Without loss of generality the ae condition may be ignored.
Suppose first that fn and f are defined on the closed interval .
Suppose that f is not convex on . That is, there exist points such that .
Put . Since is convex,
For every , there exist Nc, Nd and N in such that
(1) for all , ;
(2) for all , ; and
(3) for all , .
Take . Then, by (1), (2) and (3) above, , or . This shows that , since is arbitrary. This is a contradiction, and hence f is convex on . Since the Lebesgue measure is σ-finite, this extends to .
(p.544) By lemma B.8, the limit of a sequence of convex functions is itself convex. The limit is differentiable almost everywhere. It is also the limit of the sequence of derivatives almost everywhere:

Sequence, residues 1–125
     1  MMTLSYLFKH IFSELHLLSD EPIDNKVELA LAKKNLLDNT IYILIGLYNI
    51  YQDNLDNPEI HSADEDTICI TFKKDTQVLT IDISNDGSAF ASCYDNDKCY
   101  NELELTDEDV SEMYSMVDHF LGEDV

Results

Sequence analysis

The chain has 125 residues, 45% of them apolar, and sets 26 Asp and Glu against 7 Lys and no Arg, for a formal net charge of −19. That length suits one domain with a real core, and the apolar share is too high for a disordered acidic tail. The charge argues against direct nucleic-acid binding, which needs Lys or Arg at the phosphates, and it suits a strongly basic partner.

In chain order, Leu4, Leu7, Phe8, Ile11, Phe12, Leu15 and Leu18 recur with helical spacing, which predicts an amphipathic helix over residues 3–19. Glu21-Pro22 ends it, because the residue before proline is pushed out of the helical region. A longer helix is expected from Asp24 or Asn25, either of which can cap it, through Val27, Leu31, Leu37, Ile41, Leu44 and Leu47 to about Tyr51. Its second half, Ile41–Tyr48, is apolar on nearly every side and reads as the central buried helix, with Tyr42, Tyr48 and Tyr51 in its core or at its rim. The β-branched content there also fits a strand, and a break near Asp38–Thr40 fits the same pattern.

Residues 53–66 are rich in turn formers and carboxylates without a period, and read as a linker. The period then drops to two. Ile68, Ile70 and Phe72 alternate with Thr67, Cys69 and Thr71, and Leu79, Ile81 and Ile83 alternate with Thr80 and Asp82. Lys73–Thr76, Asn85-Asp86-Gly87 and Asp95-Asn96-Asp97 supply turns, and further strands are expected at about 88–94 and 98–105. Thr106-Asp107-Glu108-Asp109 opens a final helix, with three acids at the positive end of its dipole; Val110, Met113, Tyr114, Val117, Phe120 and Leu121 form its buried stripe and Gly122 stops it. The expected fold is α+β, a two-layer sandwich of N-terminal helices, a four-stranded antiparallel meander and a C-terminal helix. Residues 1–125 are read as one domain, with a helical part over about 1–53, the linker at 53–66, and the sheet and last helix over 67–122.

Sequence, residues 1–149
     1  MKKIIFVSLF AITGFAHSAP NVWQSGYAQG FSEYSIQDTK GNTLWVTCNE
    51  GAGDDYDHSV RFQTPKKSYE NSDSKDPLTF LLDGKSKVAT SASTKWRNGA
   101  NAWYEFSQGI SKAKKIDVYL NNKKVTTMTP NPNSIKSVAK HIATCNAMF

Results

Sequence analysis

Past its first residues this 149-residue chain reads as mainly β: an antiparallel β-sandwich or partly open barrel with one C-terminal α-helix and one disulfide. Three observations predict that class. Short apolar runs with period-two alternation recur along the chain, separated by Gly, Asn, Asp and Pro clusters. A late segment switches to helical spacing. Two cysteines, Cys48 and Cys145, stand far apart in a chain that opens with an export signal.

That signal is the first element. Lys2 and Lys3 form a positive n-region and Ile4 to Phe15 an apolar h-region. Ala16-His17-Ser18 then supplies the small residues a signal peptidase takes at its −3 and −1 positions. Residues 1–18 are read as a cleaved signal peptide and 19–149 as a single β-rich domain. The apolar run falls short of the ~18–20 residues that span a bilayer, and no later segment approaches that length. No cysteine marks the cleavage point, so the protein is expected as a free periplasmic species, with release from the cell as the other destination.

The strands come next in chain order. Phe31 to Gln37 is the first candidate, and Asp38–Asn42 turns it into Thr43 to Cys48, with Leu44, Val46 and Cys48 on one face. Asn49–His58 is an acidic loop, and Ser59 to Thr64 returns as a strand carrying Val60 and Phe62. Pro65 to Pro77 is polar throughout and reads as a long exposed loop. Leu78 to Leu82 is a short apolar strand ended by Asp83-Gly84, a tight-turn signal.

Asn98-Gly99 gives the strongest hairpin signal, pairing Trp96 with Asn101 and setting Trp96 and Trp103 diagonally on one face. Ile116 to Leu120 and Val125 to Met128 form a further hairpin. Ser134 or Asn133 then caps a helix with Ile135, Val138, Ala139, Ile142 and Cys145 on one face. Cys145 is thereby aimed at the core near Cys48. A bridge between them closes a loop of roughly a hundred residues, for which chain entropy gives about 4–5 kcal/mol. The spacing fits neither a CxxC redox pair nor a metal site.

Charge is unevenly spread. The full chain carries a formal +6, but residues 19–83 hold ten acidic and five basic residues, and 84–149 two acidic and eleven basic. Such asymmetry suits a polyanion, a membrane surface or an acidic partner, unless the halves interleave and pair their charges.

Suppose that is a sequence of convex functions converging pointwise to a limit f almost everywhere. Then f is convex. Moreover, the sequence of derivatives converges to almost everywhere.
Without loss of generality the ae condition may be ignored. Put and .
By lemma B.8, f is convex and differentiable almost everywhere. Without loss of generality, assume that f and fn are differentiable everywhere.
By theorem B.3, fn and f have non-decreasing left- and right-derivatives everywhere.
Next, note by convexity of fn that, for fixed , and ,
Rearrange this to see that
Take on the left-hand side and put . This gives(B.9)
Choose an . Fix . Then , and there is an such that for all ,(B.10)
Take the limit superior of the left-hand side. This gives
Take and then to find that .
A similar argument shows that .
Since f is differentiable almost everywhere by theorem B.5, for almost all x, and thus pointwise almost everywhere. This completes the proof.
(p.545) B.4 The Legendre transform